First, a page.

Lecture 11 Structural Geology

* Rock deformation
* Descriptions of an inclined plane: strike and dip
* Folds in Rock
* Rock fractures: Joints and Faults
* Geologic maps

* Rock deformation

Rocks deform under stress. Deformation refers to all changes in volume and/or shape of a rock body. In Lecture 7 of Mechanical Properties of Rocks, we described how rocks deformed under applied load. The Earth is a dynamic system. Tectonic forces within the Earth are so enormous that thousands of kilometers of rock layers are bent, folded, overturned, and sometimes highly fractured. Structural geology examines the present state of crustal deformation and determines the original geologic setting and the nature and direction of the earth forces that produced these rock structures.

For deformation in the elastic range of a rock, the rock returns to its original shape when the stress is removed.

Folding in a rock occurs in the plastic range of the rock.

Faulting occurs when the rocks break.
 

* Descriptions of an inclined plane: strike and dip

In describing geologic structures, strike and dip is used to describe the orientation of an inclined plane such as an inclined rock layer or fault.

Strike is the direction of the line produced by the intersection of the inclined plane with the horizontal plane. It is expressed as the angle of the line from the north.

Dip is the angle between the inclined plane and the horizontal plane.

Strike and dip directions are always mutually perpendicular.
 

* Folds in Rock

A fold is a bent structure that originally was planar, such as a sedimentary bed. Folds may be produced by either horizontal compression or vertical forces in the crust, just as pushing in on opposite sides of a paper or up from below.

Terms used to describe the parts of a fold:

limb: The two sides of a fold are called limbs.
axis: A line drawn along the points of maximum curvature of a layer of a fold.
axial plane: an imaginary plane surface that divides a fold as symmetrically as possible.
plunge: If the fold axis is not horizontal, the angle of the axis with the horizontal plane is called plunge.

Types of folds

anticline: upfolds or arches of rock layers
syncline: downfolds or troughs of rock layers.
monocline: only one direction of dip prevails in a fold system.

symmetrical fold:  the axial plane is vertical with the limbs dipping symmetrically from the axis

asymmetrical fold: the axial plane is tilted from the vertical with one limb dipping more steeply than the other.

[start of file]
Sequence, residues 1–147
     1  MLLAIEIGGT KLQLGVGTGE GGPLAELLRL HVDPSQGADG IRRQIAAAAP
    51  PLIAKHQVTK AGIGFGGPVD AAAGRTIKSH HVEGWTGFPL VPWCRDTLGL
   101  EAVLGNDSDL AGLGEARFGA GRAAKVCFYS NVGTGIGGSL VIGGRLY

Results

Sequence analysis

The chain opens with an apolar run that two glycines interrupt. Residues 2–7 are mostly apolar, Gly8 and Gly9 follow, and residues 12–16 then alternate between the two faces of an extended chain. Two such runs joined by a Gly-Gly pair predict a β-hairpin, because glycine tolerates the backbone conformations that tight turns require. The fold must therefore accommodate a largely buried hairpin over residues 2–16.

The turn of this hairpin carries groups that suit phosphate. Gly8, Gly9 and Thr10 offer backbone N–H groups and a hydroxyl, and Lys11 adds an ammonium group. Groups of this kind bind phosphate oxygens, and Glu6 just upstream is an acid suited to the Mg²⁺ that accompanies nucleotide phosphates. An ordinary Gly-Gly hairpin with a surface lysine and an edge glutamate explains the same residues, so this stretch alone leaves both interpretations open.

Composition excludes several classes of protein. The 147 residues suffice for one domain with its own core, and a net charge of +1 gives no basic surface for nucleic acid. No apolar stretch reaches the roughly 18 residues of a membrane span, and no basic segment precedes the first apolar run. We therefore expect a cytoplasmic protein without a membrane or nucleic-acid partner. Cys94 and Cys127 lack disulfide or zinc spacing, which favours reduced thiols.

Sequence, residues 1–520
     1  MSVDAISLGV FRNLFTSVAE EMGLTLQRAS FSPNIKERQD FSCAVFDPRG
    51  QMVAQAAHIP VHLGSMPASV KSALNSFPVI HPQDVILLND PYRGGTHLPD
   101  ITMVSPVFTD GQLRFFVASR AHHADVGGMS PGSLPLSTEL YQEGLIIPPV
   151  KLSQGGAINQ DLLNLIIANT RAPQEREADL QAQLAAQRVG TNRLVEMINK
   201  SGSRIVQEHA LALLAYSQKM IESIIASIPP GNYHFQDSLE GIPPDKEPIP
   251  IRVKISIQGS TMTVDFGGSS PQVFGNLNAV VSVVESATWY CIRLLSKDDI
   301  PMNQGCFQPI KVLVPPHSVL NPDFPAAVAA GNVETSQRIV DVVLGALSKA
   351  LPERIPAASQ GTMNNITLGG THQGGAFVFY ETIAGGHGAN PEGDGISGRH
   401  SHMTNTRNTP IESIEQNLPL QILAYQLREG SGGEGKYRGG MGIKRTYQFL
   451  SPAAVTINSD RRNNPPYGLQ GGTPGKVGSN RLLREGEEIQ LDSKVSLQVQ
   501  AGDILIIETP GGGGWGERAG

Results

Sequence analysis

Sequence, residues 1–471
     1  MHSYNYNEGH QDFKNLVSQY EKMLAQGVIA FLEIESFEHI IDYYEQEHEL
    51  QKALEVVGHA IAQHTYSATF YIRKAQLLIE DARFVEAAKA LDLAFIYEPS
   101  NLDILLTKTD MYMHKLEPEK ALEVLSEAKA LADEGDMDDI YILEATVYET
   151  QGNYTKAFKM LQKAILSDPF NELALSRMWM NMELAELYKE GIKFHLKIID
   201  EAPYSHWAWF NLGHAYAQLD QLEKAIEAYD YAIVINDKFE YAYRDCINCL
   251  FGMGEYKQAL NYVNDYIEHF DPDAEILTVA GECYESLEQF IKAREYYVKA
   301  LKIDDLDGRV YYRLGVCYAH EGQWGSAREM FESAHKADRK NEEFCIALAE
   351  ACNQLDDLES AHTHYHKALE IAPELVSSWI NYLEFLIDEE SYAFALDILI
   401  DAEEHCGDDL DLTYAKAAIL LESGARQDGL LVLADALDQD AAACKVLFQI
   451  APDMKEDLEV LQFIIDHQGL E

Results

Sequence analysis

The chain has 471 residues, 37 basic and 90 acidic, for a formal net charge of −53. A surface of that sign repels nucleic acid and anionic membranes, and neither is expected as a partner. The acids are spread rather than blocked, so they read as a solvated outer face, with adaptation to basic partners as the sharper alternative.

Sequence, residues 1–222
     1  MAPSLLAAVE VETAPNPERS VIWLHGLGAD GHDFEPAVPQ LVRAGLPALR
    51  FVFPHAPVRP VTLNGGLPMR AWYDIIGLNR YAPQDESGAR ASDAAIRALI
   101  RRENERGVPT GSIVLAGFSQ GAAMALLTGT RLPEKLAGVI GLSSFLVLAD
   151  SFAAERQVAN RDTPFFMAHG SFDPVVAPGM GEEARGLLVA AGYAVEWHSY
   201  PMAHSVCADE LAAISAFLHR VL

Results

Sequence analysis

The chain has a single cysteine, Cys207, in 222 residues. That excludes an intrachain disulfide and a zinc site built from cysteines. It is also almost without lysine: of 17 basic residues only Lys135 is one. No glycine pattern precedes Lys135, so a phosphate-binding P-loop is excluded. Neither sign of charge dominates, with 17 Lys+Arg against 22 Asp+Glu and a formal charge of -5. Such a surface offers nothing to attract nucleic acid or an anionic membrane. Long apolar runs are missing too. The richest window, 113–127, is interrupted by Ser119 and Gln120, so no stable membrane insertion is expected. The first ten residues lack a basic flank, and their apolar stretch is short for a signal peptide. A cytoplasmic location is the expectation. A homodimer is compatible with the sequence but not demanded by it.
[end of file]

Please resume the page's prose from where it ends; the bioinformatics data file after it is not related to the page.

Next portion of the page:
overturned fold: one limb is tilted beyond the vertical

recumbent fold:  this is an overturned fold "lying on its side" so that the axial plane is nearly horizontal.

Outcrop view of folds

Geologists typically work from available surface outcrops of rock formation to reconstruct subsurface structures.

In the field or on a map view of an anticline, the oldest beds are in the center and the beds become progressively younger in each direction. The opposite is true for synclines, where the youngest bed is in the center and the beds get progressively older in each direction.

Symmetrical folds have equal bed widths on opposite sides of the axial plane, but asymmetrical folds will have different bed widths on the opposite sides.

For a plunging anticline, the nose (formed by the intersection of the fold system with a horizontal plane) points in the same direction as the plunge. For a plunging syncline, the nose points in the direction opposite to that of the plunge.
 

* Rock fractures: Joints and Faults

Joints

A joint is a crack along which no appreciable movement has occurred. Joints can be found in almost every outcrop of rocks. Most joints are produced when rocks are deformed by tectonic forces. Joints can form from nontectonic processes, such as columnar joints from the cooling of the igneous rocks. Another example is sheeting from the gradual expansion when erosion removes the overlying load.

Faults (will be illustrated with pictures)

A fault is a fracture with relative movement of the rocks on both sides of it, parallel to the fracture.

Fault terminology:
strike, dip of fault plane, hanging wall, foot wall.

Types of faults:

dip-slip fault: normal fault, reverse fault, thrust fault

strike-slip fault: left lateral, right lateral

oblique-slip fault: has both strike-slip and dip-slip component. Note: The textbook calls it "translation fault", which is rarely used.

* Geologic maps

Geologic maps are among the best sources of information for preliminary site location and design. Thus, engineers need to become familiar with the construction and use of these maps. Elements of a geologic map include rock types, relative ages of the rocks, geologic contacts between different rock units, geologic structures (e.g., faults), and maybe topographic contours.